Search marketers have long known that there’s value in “putting oneself into the shoes of searchers.” By so doing, they can craft and deploy content that precisely addresses searchers’ informational needs in a voice likely to resonate with these people and stimulate a positive response.

Mitchell Levy, interviewed recently by Kevin Lee, Co-Founder and Executive Chairman at Didit, for the eMarketing Association, calls this orientation “an audience-centric mindset.” Developing such a mindset greatly enhances the marketer’s ability to understand the unique “pain points” of their audiences, thereby moving the marketer — in the mind of his/her audience — from “someone who wants to sell to me” to “someone who might actually be able to help me,” thus maximizing the chance that the prospect will take positive action.

Why Customer Pain Points Matter

Every client, every customer, and every prospect has a unique set of pain points. Some struggle to maintain or expand market share; others wrestle with issues relating to productivity, employee motivation, or other business issue. (Mitchell Levy has an exhaustive list of pain points on his web site,

The more specific the pain point, the more narrowly tailored the remedy can be. For example, taking two examples from Mr. Levy’s site, if the pain point in your audience happens to be “CEOs of companies that are $3M – $5M in revenue who need to understand the true value of digital marketing,” a specific training program might be devised for those CEOs. If, however, the pain point is “Business leaders who really want to ensure that their organization is still around tomorrow and the day after,” an entire range of issues might need to be explored and solved before this pain point is no longer a challenge.

Discovering the unique pain points of your audience begins with research. Businesses with a long history in the market likely already have access to data that can identify them, for example, market research data, CRM data, sales force experience, and other data. Startups may have a more difficult road ahead given that their products and services are new and their customer bases might also be new. For these newcomers, one useful research technique is to perform a competitive audit to determine how competitors are succeeding (or failing) at identifying these pain points and positioning themselves as resources offering relief.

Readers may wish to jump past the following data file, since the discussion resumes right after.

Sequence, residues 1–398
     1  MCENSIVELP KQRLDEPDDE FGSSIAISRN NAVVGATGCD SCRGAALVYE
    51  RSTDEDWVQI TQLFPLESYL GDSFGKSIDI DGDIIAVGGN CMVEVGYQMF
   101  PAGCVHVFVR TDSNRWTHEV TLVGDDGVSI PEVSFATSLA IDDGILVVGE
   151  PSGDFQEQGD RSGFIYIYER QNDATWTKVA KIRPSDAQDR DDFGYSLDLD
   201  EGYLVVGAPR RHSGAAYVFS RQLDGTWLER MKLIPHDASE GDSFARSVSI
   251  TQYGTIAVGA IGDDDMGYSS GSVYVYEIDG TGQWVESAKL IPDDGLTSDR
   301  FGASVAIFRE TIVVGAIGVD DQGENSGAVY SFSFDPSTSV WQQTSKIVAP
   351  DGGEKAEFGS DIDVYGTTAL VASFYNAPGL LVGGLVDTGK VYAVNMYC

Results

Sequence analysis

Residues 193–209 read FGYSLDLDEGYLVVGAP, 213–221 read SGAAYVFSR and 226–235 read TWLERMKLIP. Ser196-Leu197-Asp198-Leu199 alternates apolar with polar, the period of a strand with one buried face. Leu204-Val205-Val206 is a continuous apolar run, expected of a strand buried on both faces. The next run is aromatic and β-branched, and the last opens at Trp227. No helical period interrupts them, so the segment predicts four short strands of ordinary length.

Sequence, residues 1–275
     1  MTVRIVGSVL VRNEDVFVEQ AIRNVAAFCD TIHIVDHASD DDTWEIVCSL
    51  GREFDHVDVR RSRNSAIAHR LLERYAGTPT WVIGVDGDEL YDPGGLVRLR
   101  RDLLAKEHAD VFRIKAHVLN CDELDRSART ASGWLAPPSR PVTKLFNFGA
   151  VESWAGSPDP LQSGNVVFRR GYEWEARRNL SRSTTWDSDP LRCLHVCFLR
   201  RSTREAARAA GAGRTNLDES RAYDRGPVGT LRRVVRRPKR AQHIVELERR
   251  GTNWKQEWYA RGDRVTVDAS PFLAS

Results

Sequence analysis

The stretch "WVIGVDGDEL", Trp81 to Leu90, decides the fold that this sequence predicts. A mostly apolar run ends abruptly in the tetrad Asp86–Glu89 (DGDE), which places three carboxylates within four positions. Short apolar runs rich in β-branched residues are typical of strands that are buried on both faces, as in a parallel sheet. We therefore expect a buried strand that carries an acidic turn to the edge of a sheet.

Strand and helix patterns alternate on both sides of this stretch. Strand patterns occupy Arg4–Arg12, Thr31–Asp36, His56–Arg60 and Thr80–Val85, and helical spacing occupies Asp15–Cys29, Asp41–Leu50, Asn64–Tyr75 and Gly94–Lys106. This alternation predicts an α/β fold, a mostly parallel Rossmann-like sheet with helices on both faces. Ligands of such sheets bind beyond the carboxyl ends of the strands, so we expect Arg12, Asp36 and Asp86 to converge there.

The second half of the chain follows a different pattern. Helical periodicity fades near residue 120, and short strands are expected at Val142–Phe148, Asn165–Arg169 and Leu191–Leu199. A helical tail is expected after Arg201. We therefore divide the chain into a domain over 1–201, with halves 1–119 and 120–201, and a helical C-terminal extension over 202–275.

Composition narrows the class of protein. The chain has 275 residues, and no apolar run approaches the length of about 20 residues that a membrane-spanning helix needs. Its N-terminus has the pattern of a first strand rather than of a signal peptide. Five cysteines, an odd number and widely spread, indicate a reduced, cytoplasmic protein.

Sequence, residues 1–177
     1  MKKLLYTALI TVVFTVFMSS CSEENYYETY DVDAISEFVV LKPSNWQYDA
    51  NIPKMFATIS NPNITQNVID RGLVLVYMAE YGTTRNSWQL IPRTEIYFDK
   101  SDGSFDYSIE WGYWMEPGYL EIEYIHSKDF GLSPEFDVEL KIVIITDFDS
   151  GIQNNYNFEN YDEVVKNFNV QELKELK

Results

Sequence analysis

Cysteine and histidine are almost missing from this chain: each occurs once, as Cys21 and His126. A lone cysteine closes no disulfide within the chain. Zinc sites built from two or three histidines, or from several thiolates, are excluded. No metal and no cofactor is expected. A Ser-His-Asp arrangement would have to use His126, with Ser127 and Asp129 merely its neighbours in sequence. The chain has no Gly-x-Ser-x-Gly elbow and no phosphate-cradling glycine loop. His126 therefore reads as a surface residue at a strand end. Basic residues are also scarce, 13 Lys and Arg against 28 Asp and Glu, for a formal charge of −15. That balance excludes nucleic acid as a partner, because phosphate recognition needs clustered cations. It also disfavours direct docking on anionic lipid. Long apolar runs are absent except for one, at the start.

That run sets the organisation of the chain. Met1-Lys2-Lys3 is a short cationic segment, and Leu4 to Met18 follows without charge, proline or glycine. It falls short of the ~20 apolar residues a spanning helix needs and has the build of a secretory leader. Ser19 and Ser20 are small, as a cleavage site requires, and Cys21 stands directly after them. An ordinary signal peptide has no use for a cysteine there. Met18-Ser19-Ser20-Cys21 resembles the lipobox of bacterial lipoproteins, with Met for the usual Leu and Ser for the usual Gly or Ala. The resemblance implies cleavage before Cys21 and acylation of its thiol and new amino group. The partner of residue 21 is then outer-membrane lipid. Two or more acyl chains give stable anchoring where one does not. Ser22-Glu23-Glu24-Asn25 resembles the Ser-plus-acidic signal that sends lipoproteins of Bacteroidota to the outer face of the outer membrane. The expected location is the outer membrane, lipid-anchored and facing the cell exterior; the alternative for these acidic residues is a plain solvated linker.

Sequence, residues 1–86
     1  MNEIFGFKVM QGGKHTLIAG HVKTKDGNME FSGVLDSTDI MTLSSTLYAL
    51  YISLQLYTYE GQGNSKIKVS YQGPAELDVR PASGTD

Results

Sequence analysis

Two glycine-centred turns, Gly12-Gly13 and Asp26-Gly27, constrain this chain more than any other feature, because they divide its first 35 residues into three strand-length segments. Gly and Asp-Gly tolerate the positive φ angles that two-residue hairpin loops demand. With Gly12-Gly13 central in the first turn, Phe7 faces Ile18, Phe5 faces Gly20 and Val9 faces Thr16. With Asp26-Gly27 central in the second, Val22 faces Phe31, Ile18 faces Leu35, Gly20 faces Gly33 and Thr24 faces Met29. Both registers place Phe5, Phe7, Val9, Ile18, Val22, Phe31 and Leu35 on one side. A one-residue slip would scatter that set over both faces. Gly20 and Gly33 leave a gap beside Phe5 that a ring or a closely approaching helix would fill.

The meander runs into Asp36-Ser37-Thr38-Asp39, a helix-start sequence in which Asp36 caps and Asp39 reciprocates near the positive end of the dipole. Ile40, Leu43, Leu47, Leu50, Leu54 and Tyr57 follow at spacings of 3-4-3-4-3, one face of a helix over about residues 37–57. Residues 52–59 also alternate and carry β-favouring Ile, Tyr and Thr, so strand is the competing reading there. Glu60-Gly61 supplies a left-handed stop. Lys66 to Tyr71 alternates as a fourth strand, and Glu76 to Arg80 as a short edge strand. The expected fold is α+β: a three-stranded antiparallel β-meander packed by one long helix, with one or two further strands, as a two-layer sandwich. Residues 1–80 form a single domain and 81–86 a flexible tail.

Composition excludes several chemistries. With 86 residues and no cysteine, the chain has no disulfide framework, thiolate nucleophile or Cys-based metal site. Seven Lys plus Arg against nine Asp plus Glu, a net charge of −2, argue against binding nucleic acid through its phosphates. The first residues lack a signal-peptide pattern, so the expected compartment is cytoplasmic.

Understanding customer points of pain is an essential task for every business because without doing so, companies risk being stuck in a “what I do/what I can sell” mindset, not in a “what do you need/how can I help?” mindset. And in a world where people are impatient – as well as increasingly distrustful of being aggressively sold to — that’s poison.

Using Customer Points of Pain to Refine Your Messaging in SEO and Social Media

Understanding CPoPs can help marketers drive creative strategy, as well as define their online messaging across social media and SEO content. Using the CPoP framework also forces the marketer to be very clear and focused when crafting this messaging. As Mr. Levy observes, one test of a valid CPoP is “whether the spouse of the target will understand the message.”

But being clear is not enough; one must be brief. “As marketers, we’re not taught to be succinct,” observes Mr. Levy. But “if you can articulate a CPoP in one to ten words — essentially in one to three seconds — what happens is that it becomes shareable. It becomes memorable. And if it’s done to someone who actually cares about your CPoP, it begs the next question, which is “tell me more.”‘

You can watch the relevant portions of the interview between Kevin Lee and Mitchell Levy here at the link below or on this page:

Didit Editorial